Several Texas District Attorneys are facing primary opposition this year. In Travis County, Ronnie Earle, who had been the DA for decades, a Texas legend and involved in all kind of things, was replaced in 2008 by Rosemary Lehmberg. Now she has a primary opponent, Charlie Beard. It has been ages since there was a contested Democratic Primary in Travis County for District Attorney. Mr. Beard is running on the same slogan Robert Kennedy ran on…"We can do better". He and others have questioned the huge amount of money donations to Lehmberg by defense attorneys in Austin. Folks, pay attention to this election because it brings up the subject of money being given to District Attorneys. This is always a touchy area and it can be the beginning of impropriety. You need only look to Cameron County to see where money surrounding prosecutorial discretion can soon lead. Nothing apparently wrong here….yet.

The District Attorney in Montgomery County is facing fierce opposition from two opponents in the Republican Primary. Allegations have surfaced that prosecutions have been focused on innocent citizens and that tax dollars have been wasted on mean spirited and abusive prosecutions taking legal positions not supported by the law. Additionally, questions have been raised about large campaign donations to the District Attorney by a law enforcement officers Union. One opponent, Gilbert Garcia, has suggested that the District Attorney has wasted tax payer money on such prosecutions. Indeed, Judge Billy Bob recalls an article in the Wall Street Journal on December 13, 2011 showing a $300,000 military style drone, painted like a Montgomery County Sheriff’s vehicle, and an equally expensive armored car from out of a World War II movie. I wonder if the Montgomery County voters really wanted to pay for such things, and for goodness sakes, what is the District Attorney doing with an unmanned drone? One of the opponents has accused the District Attorney of “conduct unbecoming a District Attorney” and released a video of the District Attorney in a “controlled rant” wherein he appears to be intimidating people present at a candidate forum, including a judge. These issues present some serious concerns about leadership by the District Attorney and, once again, money being given to a sitting prosecutor in the form of a campaign donation. Citizens, this list could go on for awhile. I want to urge each of you to be mindful of your freedoms, first among those being the right to vote by a secret ballot. Make certain that you vote. All of the above circumstances have one unfortunate trait in common. Each of these prosecutors appears to have engaged in various forms of misconduct or the appearance of impropriety. They have forgotten that they are Public Servants, with the emphasis on the word Servant. You are that public. You may express your disapproval of certain of your servants. That is what voting and elections are all about. Show your servants what you think of them.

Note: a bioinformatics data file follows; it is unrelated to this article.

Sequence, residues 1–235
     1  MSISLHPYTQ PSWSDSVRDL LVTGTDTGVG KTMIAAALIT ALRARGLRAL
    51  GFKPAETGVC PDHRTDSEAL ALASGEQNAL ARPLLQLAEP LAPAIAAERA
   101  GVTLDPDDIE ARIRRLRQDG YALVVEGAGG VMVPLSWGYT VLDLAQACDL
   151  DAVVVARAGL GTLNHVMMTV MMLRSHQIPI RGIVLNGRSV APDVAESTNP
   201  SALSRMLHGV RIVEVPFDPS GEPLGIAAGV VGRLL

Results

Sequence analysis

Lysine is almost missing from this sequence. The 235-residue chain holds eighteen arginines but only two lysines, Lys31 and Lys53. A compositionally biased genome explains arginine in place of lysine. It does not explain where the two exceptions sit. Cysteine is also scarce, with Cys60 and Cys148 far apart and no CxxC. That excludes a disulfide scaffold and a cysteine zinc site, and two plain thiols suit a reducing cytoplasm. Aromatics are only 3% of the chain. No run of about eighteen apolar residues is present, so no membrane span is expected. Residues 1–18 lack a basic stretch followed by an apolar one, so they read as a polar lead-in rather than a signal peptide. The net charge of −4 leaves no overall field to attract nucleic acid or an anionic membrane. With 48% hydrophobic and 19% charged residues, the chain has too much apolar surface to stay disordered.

This Court Stands Adjourned.